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Lyric Stage comedy dishes sobering material in ‘Barbecue’

Celina Colby | 4/20/2017, 6 a.m.
The show is highly entertaining, laced with stellar acting and a rich comedic script. It also spotlights the discrepancies in ...
The Lyric Stage Company of Boston’s “Barbecue” provides compelling racial commentary on family comedy, and how it is depicted in popular culture. Photo: Courtesy The Lyric Stage Company of Boston

The following review contains spoilers for “Barbecue.”

Through May 7, The Lyric Stage Company of Boston presents “Barbecue,” a hilarious and revealing show by Robert O’Hara, writer of “Bootycandy.” The show tells, and retells, the story of the O’Mallery family. Four siblings, each with their own dependencies and habits, assemble in a public park to stage an intervention for their sister Barbara, nicknamed Zippity Boom.

Running a little over two hours, the show packs in a heavy dose of comedy and commentary, starting with the intervention itself. Brother James T. brings a Taser, and it doesn’t go unused. Jackie Davis is a queen of physical comedy as Barbara’s sister Marie, a boisterous young woman with an affinity for Jack Daniels and a “light” crack cocaine habit. Oldest, and bossiest, sister Lillie Anne, who organized the event, is desperate for everything to go perfectly. As a horn beep indicates Zippity Boom’s arrival, she screeches, “Everybody dance!” and starts physically moving her siblings in an effort to disguise the intervention in the façade of a fun, family barbecue, something this family clearly hasn’t had much experience with.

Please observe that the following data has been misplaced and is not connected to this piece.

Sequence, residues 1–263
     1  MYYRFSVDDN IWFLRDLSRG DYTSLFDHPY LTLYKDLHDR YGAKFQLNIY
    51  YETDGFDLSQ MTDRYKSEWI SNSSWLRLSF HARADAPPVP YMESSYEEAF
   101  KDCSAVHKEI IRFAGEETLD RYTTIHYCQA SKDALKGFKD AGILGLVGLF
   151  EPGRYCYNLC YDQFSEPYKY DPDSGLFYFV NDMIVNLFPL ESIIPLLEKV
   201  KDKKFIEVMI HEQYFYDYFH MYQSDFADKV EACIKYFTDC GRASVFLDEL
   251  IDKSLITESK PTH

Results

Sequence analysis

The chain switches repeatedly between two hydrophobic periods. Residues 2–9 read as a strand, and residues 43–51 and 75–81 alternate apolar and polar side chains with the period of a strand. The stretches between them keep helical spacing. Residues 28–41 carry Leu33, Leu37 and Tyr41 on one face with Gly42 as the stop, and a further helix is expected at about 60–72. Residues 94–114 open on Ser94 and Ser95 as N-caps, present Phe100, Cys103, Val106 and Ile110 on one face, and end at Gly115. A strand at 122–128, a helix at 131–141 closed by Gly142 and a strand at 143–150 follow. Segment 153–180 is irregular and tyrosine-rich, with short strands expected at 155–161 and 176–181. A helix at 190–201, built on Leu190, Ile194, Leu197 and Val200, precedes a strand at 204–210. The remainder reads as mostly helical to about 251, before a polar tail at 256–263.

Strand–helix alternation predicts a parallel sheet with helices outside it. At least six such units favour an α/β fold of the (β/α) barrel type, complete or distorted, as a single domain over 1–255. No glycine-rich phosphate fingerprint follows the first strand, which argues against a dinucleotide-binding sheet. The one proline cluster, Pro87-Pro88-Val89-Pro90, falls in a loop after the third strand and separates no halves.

Intervention

In the first act, which sets up the intervention, the interplay between the siblings and the arrival of Zippity Boom alternately are played out between a black family and a white family. At the end of the first act a surprising twist is revealed: The black family is a group of actors telling the story for a movie. In the second act, the lead actress, played by Ramona Lisa Alexander, meets with Barbara, the white Zippity Boom on whom the story is based, in an attempt to understand her character.

This twist provides a sharp commentary on commonplace whitewashing in contemporary media. Barbara (Deb Martin) explains her meth habit to the actress, who immediately says they’ll change it to crack, after a good five minutes of harping on her desire to keep the story authentic. “Black folks in movies don’t smoke no meth,” she says. “They smoke crack.”

In the same scene, the actress becomes wildly offended when Barbara points out her race. “I’m a movie star/singer,” she says. “So if we could leave race out of the conversation — like way out of the conversation, like all the way back in Africa — that would be great!” Her melodramatic reaction to Barbara about her race is humorous, but also points to the reality of black talent being judged not for skill set, but for skin color.

Like “Bootycandy,” the show is highly entertaining, laced with stellar acting and a rich comedic script. It also spotlights the discrepancies in portrayals of race in movies, and satirizes whitewashing by flipping it on its head. Like the O’Mallery’s Taser-ful barbecue, you’ll leave feeling surprised, put off, and maybe a little shocked.